It’s best to stick with standard web conventions when labeling menu items, such as Home, About, Contact and so on.

Whatever menu item label you choose, just make sure it’s super clear and that people see what they would expect to see if they click on a given menu item link.

8. Video playback problems

If you’ve got videos on your site, one of the most important things to have happen when someone clicks play is for the video to play smoothly, with no playback problems.

With certain video streaming platforms, such as Youtube or Vimeo, you’ll sometimes see playback issues such as the audio being out of sync with the video, or the video stalling every 30 seconds while it buffers. Your visitors no likey that.

The best way to avoid video issues is to use Wistia. You can read my review of it and see an overview tour of what it’s like to use it here.

9. Site mangled by Internet Explorer

Friends don’t let friends use Internet Explorer. If you’ve spent any time having a website built for you, or building one yourself, you’ll likely understand my disdain for Internet Explorer.

In my opinion, it is the worst browser on the web. You’ll have your site looking all nice and spiffy in other browsers and you’ll check it in Internet Explorer and it’s like it ate your site for lunch and vomited it out onto the web.

Once you get all the Internet Explorer bugs fixed, which can take a while, check your site with it every so often, particularly when any changes are made to your site’s design.

Personally, I cringe every time I open my site to check it in Internet Explorer. Sigh.

10. 404 page not found errors

404 error pages are what appears when people try to go to a page on your site that isn’t loading for some reason.

The causes of this happening are many, but in general, keep a watchful eye on links to the pages of your site, and the urls for each page.

If you change any urls to your pages, and if you’re not using a 301 redirect, or a redirect plugin, you’ll be causing that 404 page not found error to show up for people.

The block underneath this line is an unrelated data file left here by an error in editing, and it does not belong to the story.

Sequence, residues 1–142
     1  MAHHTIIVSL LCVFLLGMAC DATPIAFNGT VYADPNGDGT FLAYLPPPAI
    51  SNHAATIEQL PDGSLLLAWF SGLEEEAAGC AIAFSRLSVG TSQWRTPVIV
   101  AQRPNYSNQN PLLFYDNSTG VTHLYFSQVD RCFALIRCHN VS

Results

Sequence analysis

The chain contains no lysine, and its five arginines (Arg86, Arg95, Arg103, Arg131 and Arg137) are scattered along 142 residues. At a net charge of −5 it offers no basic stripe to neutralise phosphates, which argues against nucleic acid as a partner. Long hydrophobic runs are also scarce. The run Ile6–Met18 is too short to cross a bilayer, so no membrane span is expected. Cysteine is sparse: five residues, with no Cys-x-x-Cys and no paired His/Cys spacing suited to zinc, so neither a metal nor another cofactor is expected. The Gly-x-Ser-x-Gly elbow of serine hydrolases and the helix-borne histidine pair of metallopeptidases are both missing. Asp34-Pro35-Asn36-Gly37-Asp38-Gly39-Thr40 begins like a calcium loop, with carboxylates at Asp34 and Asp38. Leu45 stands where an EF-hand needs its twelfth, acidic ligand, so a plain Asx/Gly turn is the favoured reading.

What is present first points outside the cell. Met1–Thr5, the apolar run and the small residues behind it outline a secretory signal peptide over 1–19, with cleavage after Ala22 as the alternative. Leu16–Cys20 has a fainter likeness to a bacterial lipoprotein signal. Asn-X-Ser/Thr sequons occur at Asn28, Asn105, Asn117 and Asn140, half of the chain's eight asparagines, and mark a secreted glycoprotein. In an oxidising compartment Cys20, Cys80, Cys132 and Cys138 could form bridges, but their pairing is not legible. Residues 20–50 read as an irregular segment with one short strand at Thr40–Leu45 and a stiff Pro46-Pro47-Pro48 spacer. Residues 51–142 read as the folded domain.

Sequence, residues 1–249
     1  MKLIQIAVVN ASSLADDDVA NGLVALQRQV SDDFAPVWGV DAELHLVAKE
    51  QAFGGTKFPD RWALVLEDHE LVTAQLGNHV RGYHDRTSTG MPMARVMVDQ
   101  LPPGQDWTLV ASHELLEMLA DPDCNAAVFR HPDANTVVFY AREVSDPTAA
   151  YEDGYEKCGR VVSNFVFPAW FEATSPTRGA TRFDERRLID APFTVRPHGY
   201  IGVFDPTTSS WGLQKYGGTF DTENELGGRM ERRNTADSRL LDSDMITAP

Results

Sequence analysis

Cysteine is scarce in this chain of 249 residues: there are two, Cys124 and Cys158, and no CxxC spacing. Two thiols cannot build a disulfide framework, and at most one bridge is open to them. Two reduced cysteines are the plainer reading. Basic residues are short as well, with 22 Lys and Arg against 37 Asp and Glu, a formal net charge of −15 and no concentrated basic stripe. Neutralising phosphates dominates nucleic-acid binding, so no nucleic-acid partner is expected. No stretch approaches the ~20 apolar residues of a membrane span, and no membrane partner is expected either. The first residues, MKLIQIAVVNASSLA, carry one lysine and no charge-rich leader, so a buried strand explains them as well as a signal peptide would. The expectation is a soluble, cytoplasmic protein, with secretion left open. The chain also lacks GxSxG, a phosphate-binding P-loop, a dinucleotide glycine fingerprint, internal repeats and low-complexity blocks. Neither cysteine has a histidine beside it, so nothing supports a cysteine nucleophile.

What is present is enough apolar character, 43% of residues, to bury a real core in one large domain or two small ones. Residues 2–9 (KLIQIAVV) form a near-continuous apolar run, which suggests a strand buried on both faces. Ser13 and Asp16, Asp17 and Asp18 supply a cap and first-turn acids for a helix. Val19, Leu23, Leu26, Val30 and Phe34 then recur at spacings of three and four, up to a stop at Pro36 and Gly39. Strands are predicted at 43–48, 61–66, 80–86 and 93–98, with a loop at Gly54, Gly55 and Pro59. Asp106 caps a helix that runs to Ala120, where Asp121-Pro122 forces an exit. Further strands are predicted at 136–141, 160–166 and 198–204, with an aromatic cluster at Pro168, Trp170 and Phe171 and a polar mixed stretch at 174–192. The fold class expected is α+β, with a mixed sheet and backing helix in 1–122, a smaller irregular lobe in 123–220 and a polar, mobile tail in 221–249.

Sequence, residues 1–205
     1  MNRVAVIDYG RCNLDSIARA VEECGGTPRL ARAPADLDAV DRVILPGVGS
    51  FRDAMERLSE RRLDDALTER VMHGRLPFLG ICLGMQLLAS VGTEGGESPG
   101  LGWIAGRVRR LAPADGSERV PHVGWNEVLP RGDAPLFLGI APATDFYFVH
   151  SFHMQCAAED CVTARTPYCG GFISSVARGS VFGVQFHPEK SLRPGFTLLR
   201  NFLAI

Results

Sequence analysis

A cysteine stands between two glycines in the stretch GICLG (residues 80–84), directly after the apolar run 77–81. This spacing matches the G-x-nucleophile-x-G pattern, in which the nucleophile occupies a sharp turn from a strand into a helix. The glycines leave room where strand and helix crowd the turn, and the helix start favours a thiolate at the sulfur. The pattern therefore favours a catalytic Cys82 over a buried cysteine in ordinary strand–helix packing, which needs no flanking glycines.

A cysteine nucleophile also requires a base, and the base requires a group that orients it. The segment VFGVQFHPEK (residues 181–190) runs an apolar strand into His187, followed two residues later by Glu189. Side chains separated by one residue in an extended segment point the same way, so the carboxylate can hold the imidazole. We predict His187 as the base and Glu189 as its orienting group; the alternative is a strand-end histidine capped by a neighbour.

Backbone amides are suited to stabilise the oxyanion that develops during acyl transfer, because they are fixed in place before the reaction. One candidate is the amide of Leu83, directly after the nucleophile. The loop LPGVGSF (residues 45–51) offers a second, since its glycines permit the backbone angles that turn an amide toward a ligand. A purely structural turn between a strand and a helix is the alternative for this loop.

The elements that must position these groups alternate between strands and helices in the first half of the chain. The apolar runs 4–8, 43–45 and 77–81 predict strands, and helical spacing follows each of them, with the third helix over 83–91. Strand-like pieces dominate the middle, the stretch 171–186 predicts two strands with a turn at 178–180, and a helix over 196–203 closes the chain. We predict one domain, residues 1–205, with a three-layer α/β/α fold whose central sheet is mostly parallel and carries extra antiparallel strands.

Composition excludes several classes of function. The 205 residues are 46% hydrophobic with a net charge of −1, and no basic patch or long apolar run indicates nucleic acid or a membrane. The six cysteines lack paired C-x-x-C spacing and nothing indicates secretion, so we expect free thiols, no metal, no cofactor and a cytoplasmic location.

Redirects essentially redirect an old url to a new url, which prevents the 404 error page from coming up if you ever change the url to a page.

11. Slow loading pages

If pages on your site take longer than 3 or 4 seconds to load, research shows that many people won’t stick around to wait for it.

The longer your pages take to load, the more people you will lose.

Check the load time of your site with either webpagetest.org or the Pingdom load tester.

The goal should be under 3 seconds.

12. A blank page with a “coming soon” message on it and nothing else

If you don’t have content ready for a page on your site, don’t create the page and put a “coming soon” message at the top with nothing else on the page. Most people find that annoying.

They clicked on a link expecting to see something when they got there and instead see a “coming soon” message.

I’d recommend just waiting until you have the actual content ready for a page before you create new pages on your site.

13. User needs to horizontal scroll to see content on your site

If a visitor to your site needs to horizontal scroll to see content on any page of your site, something is wrong with your site somewhere, such as a bug or a poor layout/design decision.

It’s rather difficult to horizontal scroll anywhere on a computer for most people, so it should be avoided if at all possible.

14. Causing links to other sites to open in a new tab/window

This one has been debated in the webdesign community for years, and continues to be.

The debate is around whether or not you should cause links on your site that link to other websites to open in a new tab/window, or to have them open in the same tab/window that your site was in.

The big usability experts, like Jakob Nielsen, have strong opinions about not causing links to other sites to open in a new tab/window, while other folks say it helps make it easier for people to get back to your site if links to other sites open in a new tab/window.

You can read more about this issue here (look for topic number 9 on that page.) As an example, notice that when you click on that link, my site will be replaced by Jakob’s site in the same tab/window that you were reading this post in.

I’ve only recently stopped causing links to other sites to open in a new tab/window myself, so I’m coming over to the usability experts side of this debate.

I hope this post helps you avoid the “zipper down” embarrassment with your own site.

If you see me making any of these mistakes, feel free to call me out on them!